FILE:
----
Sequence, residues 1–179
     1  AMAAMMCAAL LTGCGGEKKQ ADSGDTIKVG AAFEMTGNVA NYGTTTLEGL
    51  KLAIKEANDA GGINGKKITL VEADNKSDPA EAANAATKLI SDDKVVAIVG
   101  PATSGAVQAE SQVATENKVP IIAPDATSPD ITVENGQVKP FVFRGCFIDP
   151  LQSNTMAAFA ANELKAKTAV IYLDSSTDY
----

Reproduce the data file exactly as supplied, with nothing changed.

Sequence, residues 1–179
     1  AMAAMMCAAL LTGCGGEKKQ ADSGDTIKVG AAFEMTGNVA NYGTTTLEGL
    51  KLAIKEANDA GGINGKKITL VEADNKSDPA EAANAATKLI SDDKVVAIVG
   101  PATSGAVQAE SQVATENKVP IIAPDATSPD ITVENGQVKP FVFRGCFIDP
   151  LQSNTMAAFA ANELKAKTAV IYLDSSTDY